To quote Peter Lynch, “I want to buy a company any fool can run, because eventually one will”. Making a company fool-proof is essential when the main purpose of the company is to survive several hundred years (maybe even thousands), an exceedingly rare occurrence. None of the current cryo shops seem anywhere close to having the necessary structure in place.
For an overview of measures Alcor has taken in pursuit of institutional longevity, see pages 4-8 here.
Alcor has a self-perpetuating board (which means that the board votes on who will be on the board) that’s made up solely of Alcor members, which makes it pretty hard for any hostile outsiders to take over the organization.
Financially, Alcor has made sure not to put all of its eggs in one basket. It has its main operating funds, some reserve funds, an endowment, and the Alcor Care Trust (formerly the Patient Care Trust), and there are set rules for when and how each of those funds is touched. For example, the Alcor Care Trust has separate assets and a separate board of directors, and is supported by a 501(c)(3) distinct from Alcor. This makes it so that Alcor can’t dip into patient care funds in order to cover other costs, such as legal fees.
These precautions seem pretty good overall, but it doesn’t necessarily seem like Alcor is prepared for extreme events like the collapse of the US dollar, or widespread and enduring violent unrest in the United States.
Long-term financial planning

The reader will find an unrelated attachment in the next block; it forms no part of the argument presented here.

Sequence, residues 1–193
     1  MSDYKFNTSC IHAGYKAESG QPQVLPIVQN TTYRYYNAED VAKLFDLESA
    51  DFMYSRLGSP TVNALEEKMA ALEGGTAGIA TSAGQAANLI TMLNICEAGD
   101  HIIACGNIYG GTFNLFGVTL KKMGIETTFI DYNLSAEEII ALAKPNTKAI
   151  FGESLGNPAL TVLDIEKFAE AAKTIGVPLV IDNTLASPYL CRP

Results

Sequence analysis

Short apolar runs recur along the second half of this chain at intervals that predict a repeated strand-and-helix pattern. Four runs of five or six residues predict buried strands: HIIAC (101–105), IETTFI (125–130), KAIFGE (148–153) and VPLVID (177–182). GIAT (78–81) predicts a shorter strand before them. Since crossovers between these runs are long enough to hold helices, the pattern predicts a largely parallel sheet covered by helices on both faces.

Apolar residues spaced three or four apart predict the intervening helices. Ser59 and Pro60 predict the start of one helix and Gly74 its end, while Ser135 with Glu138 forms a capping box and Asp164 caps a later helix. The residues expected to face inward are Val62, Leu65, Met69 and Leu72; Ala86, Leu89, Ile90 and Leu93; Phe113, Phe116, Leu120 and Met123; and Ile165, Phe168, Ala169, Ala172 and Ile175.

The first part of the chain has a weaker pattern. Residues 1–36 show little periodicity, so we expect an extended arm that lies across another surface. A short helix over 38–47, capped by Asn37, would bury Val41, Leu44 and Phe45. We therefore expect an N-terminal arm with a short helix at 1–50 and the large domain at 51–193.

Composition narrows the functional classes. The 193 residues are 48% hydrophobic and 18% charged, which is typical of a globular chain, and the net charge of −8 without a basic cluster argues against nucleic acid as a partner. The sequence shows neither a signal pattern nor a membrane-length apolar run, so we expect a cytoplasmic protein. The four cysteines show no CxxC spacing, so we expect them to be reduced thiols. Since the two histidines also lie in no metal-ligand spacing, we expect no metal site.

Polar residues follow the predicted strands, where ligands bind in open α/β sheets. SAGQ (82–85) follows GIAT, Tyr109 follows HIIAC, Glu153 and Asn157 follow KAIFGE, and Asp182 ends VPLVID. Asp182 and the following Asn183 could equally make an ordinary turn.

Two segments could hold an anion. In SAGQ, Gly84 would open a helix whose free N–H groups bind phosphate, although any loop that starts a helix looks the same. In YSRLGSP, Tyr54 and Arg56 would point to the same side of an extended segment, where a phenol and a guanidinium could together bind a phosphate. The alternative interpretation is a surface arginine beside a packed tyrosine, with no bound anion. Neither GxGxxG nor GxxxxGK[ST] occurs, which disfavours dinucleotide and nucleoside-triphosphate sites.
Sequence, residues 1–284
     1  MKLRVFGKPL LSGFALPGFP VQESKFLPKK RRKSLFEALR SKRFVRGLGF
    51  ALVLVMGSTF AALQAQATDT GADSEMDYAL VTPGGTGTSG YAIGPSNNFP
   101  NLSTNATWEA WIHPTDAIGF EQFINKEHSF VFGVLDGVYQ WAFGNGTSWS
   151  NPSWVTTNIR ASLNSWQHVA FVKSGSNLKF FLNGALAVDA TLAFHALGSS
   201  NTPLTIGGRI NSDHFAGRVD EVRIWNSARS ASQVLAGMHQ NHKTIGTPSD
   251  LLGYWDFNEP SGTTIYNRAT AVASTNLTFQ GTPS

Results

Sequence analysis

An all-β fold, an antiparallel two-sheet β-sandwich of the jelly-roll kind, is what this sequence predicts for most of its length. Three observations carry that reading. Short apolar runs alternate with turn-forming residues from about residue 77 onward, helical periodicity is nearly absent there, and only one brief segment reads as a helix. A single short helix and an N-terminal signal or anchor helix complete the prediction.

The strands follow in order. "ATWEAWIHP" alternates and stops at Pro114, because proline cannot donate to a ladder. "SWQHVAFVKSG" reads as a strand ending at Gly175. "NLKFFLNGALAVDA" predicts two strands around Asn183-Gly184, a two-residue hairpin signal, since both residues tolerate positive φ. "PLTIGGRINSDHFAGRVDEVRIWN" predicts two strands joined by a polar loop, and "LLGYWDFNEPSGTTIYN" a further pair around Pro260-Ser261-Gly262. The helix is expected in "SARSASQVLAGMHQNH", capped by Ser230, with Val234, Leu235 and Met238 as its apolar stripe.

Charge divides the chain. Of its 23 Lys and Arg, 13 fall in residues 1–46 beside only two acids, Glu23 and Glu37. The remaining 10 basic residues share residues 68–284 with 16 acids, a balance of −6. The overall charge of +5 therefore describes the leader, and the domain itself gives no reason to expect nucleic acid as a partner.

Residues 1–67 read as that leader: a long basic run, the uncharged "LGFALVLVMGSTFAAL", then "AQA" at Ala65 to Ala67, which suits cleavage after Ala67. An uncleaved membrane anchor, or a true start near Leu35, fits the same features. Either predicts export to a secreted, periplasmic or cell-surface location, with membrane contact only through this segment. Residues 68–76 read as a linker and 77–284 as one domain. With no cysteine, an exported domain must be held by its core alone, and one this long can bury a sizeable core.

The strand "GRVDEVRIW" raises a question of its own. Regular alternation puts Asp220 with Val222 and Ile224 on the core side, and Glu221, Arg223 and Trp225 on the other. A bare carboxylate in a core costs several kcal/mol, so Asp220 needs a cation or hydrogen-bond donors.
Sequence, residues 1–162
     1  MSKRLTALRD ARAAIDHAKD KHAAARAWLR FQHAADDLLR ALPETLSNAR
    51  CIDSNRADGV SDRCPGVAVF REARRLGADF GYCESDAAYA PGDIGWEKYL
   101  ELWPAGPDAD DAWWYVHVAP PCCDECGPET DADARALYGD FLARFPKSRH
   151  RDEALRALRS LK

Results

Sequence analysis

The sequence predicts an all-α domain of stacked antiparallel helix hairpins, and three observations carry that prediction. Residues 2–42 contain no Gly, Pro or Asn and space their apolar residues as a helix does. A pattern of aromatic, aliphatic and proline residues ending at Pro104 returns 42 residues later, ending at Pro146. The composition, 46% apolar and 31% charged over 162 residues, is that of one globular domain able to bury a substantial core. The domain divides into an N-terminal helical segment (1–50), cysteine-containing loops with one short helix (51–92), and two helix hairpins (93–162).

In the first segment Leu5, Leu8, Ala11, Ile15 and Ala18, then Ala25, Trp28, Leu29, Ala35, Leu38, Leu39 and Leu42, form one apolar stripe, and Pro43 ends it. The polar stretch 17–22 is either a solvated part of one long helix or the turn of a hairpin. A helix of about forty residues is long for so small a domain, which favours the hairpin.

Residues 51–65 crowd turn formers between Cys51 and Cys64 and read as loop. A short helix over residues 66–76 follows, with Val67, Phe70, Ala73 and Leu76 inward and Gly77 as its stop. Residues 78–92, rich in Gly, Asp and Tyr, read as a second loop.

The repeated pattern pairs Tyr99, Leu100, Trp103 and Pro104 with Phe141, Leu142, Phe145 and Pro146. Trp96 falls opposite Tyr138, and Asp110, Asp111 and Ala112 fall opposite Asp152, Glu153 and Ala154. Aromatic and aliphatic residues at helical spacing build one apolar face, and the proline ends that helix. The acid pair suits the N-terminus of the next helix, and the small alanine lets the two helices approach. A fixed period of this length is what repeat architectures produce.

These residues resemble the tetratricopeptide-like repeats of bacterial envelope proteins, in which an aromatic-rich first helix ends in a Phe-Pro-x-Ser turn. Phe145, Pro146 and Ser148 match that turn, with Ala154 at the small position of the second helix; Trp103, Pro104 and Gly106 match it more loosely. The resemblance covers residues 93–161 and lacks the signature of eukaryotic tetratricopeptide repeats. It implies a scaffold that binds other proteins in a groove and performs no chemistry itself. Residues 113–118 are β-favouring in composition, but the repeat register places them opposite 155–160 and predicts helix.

We’ll go into finances more in the next section, but it’s worth taking a look at how Alcor responds to point-blank questions (in its own FAQ). In answer to the question “How will Alcor sustain itself for the duration of my cryopreservation?”
Alcor’s long-term planning is conservative. Minimum funding requirements budget $115,000 to be set aside to fund long-term care of whole body patients, and $25,000 for neuropatients. Any excess funding also goes toward long-term care unless the member specifies otherwise. As a result, Alcor has more funding set aside per volume of patients under care than any other organization by a wide margin.
Alcor also segregates long-term care funds in the Patient Care Trust (PCT), which has a separate board of directors that oversees investments and ensures PCT funds are only used for long-term patient care… The Trust holds the mortgage of the building housing Alcor patients as well as majority interest in the ownership of the building. The rest of the Trust investments are held at the investment firm of Morgan Stanley...